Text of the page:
Citrine: Stone for Cleansing Power

Citrine: Stone for Cleansing Power

Citrine Crystal

A guide for the history, meaning, metaphysical uses, purposes, crystal healing, and properties of the solar Citrine Stone.

Solar Stone for Cleansing Power

Citrine remains a popular choice due to its radiant resemblance to the sun. This golden beauty is often put into jewelry or shaped into towers and points. Citrine bracelets and rings are also very common, but let us see why this stellar stone has such a golden reign.

History of the Stone - What is Citrine?

Citrine, not citrin, is a precious gemstone that has been used in lapidary since its discovery. Bearing this status, it was commonly traded as a commodity, much like carnelian. Another similarity it shares with carnelian is its Indian roots. Citrine was shaped and crafted into beads and traded throughout Asia Minor and Rome, finding employ as a talisman against the malicious forces that could harm the wearer. While many considered these potential forces to be spiritual in nature, some felt that the stone could even protect the user or wearer from scandals, diseases, and a nettlesome swarm of bugs or other pests. Due to its sunny association, its was said to have holy properties that may even ward off certain hedonistic behaviors. Citrine's rich color makes it a universally loved stone. As such, citrine jewelry, particularly necklaces and rings, are extremely popular.

There is a lot of debate surrounding natural citrine. Many in the gemstone community have worried about this and citrine's healing properties or the value of citrine crystals.


Metaphysical Properties

Citrine has a long history of banishing malefic thoughts or forces; a light in a time of darkness. It can be a rejuvenating stone to channel good energy and filter the bad. 

  • Stone of Positivity
  • Stone of Energy
  • Stone of Cleansing
  • Stone of Confidence

  • These properties are good in anyone's arsenal, but is best when doing cleansing meditation, tackling big tasks, or for bringing about an air of optimism in your life. 

    Scientific Information

    Citrine gemstone is a variety of quartz. That has been a controversy over citrine and heated amethyst and smoky quartz. The exact reason as to why citrine is yellow has not yet been determined. 

    Citrine Pronunciation: /sɪtɹin/ or /sɪtɹiːn/ (Sit-rin or sit-reen).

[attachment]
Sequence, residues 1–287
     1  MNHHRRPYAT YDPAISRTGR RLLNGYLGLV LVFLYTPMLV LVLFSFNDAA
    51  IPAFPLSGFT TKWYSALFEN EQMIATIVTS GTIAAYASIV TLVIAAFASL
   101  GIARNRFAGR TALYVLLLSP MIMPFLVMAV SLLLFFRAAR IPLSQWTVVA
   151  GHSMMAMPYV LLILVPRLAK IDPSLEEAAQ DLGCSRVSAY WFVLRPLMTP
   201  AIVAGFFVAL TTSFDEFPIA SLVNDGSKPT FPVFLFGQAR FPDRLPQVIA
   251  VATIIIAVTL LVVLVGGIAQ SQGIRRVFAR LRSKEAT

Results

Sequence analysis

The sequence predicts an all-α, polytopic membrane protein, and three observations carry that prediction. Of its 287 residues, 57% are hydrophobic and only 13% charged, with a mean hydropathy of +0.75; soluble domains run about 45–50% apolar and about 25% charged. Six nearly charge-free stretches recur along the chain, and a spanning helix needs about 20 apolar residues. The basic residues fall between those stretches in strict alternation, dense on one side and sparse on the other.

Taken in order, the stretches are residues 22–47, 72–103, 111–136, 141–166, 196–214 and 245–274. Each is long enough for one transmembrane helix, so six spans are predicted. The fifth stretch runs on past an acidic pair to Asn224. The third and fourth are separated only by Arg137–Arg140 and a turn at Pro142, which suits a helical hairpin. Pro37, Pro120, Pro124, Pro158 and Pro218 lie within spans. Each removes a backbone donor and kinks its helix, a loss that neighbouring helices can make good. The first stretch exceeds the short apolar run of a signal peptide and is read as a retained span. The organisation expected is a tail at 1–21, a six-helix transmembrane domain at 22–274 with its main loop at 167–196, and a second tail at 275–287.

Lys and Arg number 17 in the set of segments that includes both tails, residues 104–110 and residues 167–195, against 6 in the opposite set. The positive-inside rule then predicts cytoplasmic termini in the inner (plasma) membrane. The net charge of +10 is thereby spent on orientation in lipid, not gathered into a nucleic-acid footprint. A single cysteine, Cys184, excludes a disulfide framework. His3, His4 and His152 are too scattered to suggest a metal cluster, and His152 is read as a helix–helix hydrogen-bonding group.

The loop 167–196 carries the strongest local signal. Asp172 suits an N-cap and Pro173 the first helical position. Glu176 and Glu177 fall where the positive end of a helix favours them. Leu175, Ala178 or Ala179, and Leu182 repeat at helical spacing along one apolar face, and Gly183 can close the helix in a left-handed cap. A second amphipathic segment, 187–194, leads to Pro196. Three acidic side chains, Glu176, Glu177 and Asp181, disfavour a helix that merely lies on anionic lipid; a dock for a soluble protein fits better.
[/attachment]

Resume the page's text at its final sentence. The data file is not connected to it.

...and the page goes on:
Citrine Misspellings: Sitrine, Citrin, Sitrin

    Hardness: 6-7

    Lustre: Waxy

    Crystal System: Trigonal

    Etymology: From Old French citrin, meaning, lemon-coloured. Citrin comes from the Latin word citrus, referring to the citron.

    Location: Global

    The Wrap Up

    Citrine has a long, but pleasant history of being a useful talisman to all sorts of people. Today it still remains as a pretty stone used in meditation with a similar intent of that from many years ago. It makes for a beaming decoration as a tower or an orb, and it can certainly give a ring a shining smile.

     Click here to see our entire Citrine collection!

    Crystals and gemstones are nature's true beauties, but they are not a substitute for seeking professional medical, legal, health, or financial advice.  Crystals and gemstones are to be used in conjunction with any professional care you are receiving and do not provide healing, cures, or other remedies modern medicine can provide.  The information provided in our listings with regard to the powers of crystals and gemstones are all derived from personal & professional experience with crystals & gems as well as ancient wisdom and texts documenting knowledge gained from civilizations around the world.  They are not backed by the FDA or scientific/government resources.  Our crystals & gemstones are not intended to diagnose, treat, prevent, or cure any disease or malady.  Our crystals and gemstones are also not a replacement for seeking professional legal advice, financial advising, or any other field of professional expertise.  Crystals and gemstones are intended to be appreciated for their natural power and beauty, and used alongside modern, professional methods.


    Alpers, Edward A.. The Indian Ocean in World History. United States, Oxford University Press, 2013.

    Kozminsky, Isidore. The Magic and Science of Jewels and Stones, New York, The Knickerbocker Press, 1922.

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